FSIN disagrees with Premier Brad Wall on prevalence of racism in Sask.
FSIN Chief Bobby Cameron says racism is a reality in the daily life of Indigenous people
The chief of the Federation of Sovereign Indigenous Nations is disagreeing with Premier Brad Wall's statement to media Tuesday saying racism is not more prevalent in Saskatchewan.
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"We would get put down, physically and emotionally abused every single day for many years in my elementary school years," Bobby Cameron shared, saying racism is a reality in the daily life of Indigenous people in Saskatchewan.
"Further to that, as high school started, it was getting a little better. We have to find that common ground and we will."
Tensions continue to be high following the death of Colten Boushie. The 22-year-old Indigenous man was shot and killed after the vehicle he was in drove onto a rural property near Biggar on Aug. 9.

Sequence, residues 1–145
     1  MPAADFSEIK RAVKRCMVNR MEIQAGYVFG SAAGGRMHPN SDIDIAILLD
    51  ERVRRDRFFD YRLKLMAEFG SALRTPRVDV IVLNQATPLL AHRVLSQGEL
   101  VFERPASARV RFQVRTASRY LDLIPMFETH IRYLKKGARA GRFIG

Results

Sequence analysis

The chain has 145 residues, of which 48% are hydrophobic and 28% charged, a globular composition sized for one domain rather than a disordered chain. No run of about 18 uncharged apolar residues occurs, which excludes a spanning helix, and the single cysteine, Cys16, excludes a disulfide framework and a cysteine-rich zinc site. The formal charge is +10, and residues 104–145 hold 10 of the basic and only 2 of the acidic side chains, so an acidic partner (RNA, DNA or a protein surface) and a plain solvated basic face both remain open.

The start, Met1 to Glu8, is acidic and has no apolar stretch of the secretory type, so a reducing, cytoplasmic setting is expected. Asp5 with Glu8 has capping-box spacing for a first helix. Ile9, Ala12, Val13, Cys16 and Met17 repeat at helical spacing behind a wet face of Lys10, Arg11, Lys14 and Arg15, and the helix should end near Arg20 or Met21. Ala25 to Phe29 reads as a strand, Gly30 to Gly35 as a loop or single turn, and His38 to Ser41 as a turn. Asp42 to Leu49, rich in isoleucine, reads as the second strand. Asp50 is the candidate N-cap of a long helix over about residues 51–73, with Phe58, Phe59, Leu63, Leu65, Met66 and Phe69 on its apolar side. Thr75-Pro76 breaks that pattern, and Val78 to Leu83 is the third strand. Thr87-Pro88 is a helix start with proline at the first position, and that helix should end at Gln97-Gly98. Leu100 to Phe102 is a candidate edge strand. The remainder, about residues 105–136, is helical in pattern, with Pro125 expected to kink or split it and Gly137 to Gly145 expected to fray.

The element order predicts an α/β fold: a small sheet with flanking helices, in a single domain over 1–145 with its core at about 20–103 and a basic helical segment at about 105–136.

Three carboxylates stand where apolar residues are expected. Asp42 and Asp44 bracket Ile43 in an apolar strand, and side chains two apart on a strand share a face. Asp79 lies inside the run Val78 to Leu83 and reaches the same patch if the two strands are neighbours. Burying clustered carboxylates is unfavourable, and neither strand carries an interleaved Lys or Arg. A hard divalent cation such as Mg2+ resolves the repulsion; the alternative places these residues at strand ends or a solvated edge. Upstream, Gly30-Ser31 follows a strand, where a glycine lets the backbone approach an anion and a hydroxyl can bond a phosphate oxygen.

The property owner, 54-year-old Gerald Stanley, is charged with second-degree murder and is free on bail.
The FSIN has called on the government to put more Indigenous history in Saskatchewan classrooms in an effort to address racist attitudes.
We have to find that common ground and we will.- FSIN Chief Bobby Cameron
"The FSIN is grateful for … the changes his government made to the education system to incorporate Indigenous history, in particular Treaty education and the work his government has done so far on the Truth and Reconciliation Commission's Calls to Action," Cameron said in a written statement, which went on to say that more needs to be done.
Wall told reporters Tuesday that he'd be happy to sit down to discuss the issue with the FSIN.
"We need to start building an understanding, especially in places where there may not be a high First Nations population," Wall said.
"The hope that we should have is, the next generation, they don't have some of the thoughts perhaps that even ours did or that our parents did. I think we should be hopeful about that."
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Cameron said it is clear that everyone in the province wants to work together.
"It doesn't matter what skin colour we have, religion or race we are. We all have one goal and that's to ensure the best quality of life for our children and their future."
With files from CBC's Devin Heroux and The Canadian Press